THE MICHIGAN DAILY
FRIDAY, APRIL 1, 1941
Present War Will Not Increase
Mental Ills, Dr.Waggoner Says
By A. ?. BLAUSTEIN ber of mental cases may even de-
Discounting the influence of war crease."
in causing nervous disorders, Dr. Dr. Waggoner admitted, however.
Raymond W. Waggoner, director of. that there have been some individ-
the Neuropsychiatric Institute here, uals who have contracted neuroses or
declared in an interview yesterday psychoses because of "war nerves"
that "there is no reason to believe but claimed that the number was
that the present conflict will in- very small.
crease the number of mental cases Several Nervous Ills
in the country today." "Some people might have been
"Many individuals have blamed upset ,by the fact that several ner-
war conditions for their neuroses vous ills were reported in various
and psychoses," Dr. Waggoner as- army camps," he continued, "but I
serted, "but scientists have usually actually the percentage of mental
found other reasons for such condi- diseases among those who have' en-
tions. And psychiatrists have been listed or have been drafted is less I
unable definitely to tie up the factor than can be expected of a cross-
of war with the existence, of mental section of the general population."
ills." . The screaming headlines describ-
Less Signs Of Nervous Diseases ing war atrocities were blamed by
Pointing out that there have been Dr. Waggoner for the few cases of
less signs of nervous diseases in Brit- "war nerves" which have been dis-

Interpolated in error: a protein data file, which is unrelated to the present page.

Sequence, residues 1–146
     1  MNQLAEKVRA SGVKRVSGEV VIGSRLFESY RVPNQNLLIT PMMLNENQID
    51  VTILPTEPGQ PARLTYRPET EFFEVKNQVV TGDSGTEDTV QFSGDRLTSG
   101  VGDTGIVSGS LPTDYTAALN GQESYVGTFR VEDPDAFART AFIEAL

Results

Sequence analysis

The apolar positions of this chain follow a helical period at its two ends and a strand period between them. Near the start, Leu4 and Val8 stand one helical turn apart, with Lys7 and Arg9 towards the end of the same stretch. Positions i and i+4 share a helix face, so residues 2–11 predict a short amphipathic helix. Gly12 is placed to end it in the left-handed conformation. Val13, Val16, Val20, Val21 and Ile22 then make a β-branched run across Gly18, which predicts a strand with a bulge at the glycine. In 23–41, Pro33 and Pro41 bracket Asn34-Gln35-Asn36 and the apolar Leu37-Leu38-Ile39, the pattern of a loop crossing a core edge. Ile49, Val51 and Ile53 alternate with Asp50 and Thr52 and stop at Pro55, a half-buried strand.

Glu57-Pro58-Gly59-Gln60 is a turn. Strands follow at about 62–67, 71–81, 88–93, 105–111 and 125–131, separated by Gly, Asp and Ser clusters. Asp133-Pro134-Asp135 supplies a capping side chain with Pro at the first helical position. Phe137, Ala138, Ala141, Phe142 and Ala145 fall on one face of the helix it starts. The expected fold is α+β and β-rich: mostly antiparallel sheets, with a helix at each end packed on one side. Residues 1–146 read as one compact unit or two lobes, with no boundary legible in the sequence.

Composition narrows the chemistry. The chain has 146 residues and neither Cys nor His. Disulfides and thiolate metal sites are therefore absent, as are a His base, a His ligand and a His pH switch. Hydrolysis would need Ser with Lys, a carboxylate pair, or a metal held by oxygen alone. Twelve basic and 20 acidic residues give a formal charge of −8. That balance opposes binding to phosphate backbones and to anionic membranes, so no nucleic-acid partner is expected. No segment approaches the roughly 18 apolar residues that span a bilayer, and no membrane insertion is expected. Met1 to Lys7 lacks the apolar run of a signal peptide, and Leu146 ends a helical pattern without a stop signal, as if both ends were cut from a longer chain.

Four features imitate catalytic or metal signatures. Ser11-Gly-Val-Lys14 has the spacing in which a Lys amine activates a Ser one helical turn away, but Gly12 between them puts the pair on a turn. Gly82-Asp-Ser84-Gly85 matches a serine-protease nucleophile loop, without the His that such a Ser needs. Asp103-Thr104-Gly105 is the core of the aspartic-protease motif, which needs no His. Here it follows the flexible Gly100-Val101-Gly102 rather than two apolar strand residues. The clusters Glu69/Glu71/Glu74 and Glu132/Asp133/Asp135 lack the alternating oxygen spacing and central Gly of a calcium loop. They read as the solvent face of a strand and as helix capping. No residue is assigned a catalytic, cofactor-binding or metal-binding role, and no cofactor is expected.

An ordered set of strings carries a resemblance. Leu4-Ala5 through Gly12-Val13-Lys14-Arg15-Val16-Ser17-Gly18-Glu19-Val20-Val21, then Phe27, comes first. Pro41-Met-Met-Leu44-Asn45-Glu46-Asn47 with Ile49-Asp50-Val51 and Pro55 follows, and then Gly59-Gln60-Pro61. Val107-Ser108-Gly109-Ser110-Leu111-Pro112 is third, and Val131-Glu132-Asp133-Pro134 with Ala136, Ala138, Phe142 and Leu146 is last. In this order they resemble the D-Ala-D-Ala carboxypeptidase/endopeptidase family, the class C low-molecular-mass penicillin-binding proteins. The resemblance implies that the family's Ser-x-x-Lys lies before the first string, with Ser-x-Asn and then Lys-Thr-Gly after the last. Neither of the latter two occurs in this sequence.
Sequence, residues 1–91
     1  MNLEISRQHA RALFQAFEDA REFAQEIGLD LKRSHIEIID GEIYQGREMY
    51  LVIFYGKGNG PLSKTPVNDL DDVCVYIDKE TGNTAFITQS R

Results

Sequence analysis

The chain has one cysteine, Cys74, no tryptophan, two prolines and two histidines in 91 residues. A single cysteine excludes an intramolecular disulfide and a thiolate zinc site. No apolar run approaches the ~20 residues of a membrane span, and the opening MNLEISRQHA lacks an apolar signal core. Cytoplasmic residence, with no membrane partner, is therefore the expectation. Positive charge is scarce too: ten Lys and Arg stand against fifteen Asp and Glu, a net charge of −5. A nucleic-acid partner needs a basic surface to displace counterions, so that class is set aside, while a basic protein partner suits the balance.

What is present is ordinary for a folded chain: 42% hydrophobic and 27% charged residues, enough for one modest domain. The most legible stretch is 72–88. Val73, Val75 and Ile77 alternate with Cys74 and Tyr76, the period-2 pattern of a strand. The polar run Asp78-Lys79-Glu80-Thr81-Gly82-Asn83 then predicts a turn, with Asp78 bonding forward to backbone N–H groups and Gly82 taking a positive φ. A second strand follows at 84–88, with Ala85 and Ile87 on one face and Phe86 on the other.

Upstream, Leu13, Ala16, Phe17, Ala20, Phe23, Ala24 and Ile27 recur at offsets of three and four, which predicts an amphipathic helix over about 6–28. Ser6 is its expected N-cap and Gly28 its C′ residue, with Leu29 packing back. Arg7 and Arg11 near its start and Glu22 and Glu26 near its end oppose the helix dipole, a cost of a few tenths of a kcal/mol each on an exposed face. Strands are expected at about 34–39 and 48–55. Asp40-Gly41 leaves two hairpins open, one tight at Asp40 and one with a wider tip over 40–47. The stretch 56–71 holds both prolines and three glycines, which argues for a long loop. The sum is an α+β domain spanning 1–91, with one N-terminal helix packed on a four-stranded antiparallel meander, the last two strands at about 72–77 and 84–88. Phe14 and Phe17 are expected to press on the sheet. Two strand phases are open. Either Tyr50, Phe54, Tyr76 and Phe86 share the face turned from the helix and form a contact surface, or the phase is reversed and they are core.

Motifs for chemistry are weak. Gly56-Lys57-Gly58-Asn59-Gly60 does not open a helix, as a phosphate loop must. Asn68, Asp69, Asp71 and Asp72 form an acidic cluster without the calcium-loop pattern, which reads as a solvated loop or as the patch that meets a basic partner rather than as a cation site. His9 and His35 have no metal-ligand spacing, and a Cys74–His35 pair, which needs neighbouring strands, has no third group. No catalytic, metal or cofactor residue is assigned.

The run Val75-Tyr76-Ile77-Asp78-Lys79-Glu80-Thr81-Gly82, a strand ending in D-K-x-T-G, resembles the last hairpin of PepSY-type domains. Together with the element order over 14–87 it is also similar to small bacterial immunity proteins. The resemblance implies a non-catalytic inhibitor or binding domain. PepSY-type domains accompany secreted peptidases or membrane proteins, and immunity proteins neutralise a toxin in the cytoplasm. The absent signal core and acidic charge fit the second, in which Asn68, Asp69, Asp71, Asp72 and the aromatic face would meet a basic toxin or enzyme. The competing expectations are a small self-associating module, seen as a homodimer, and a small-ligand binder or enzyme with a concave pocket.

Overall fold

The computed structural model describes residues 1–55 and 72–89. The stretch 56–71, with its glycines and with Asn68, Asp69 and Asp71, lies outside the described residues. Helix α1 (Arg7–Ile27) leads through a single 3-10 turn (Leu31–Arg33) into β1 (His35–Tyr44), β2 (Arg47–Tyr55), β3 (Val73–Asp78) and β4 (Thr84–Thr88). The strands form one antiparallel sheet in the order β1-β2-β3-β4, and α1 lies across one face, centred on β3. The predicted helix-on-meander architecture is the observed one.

ain during the war than before Ger- covered. "If the newspapers would
many began her attacks, Dr. Wag- only present things calmly so that
goner explained that it is the fear of the public could digest events for
what might happen and not what is itself, even the small number of exist-
actually happening which causes ing cases would not have occurred,"
most mental cases. - he xsaid.
Citing the British case again, he l He concluded by saying that most
said that any large-scale psychiatric of the cases of "shell shock" in the'
preparations for this country be- last war were caused by real harm to
cause of the war would be wasteful.
"If we do go to war," he said, "there
is a good indication that the num-
the nervous system and that a great
number of the other cases were prob-
ably due to reasons other than war.
G E N E R A L L Y S P E A K I NC-Military matters at Camp
Blanding, Fla., engross Maj. Geul. J. C. Persons (left), Maj. Gen.
J. F. Williams (center), National Guard Bureau chief; Maj. Gen.
M. B. Payne of New London, Conn., new head of camp.
C U A R D-Enemies make no
passes at Patricia, when Sandy
keeps watch for their Los An-
geles master, Chester Kinnamnon.
D E A L I S S E A L E D-George Halas (left), coach of Chicago
Bears, clinches his deal with Sid Luckman, former Columbia grid
star, who has signed a 1941 contract to play quarterback with the
Bears. And feels that passing arm, too.
N E W-Starry-eyed Jean Dick-
enson, opera soprano, shows off
her new spring coiffure, best for
the starry-eyed species. Petal
curls pile on top, flat curls cling
to the neck.
SWORK AND PLAY FOR
Winter Park, Fla., halts practice to
T E N N I S S T A R-Dorothy May Bundy, Santa Monica girl who's tennis star at Rollins college,
talk with "Puny," monkey given her in Bahia, Brazil, during good will tennis tour of South America.
E X P E R T -An authority on
engineering problems is Dexter
S. i Kimball (above), newly-
named tools and 'equipment
priority executive in the office
of production management, the
defense group. He was Cornell
engineering'dean from 1920-36.
C A T'S E R RO4 R A L M O S T C O S T A L I FE-Because the family cat apparently mistook
it for a mouse, this toy Pomeranian dog almost didn't live to take an hourly feeding from a bottle.
The pup, which weighed one and one-fourth ounces at birth, was grabbed by the cat two days later.
Owner Mrs. Jack Barclay of Shelton, Wash., believes it the smallest puppy ever to survive.
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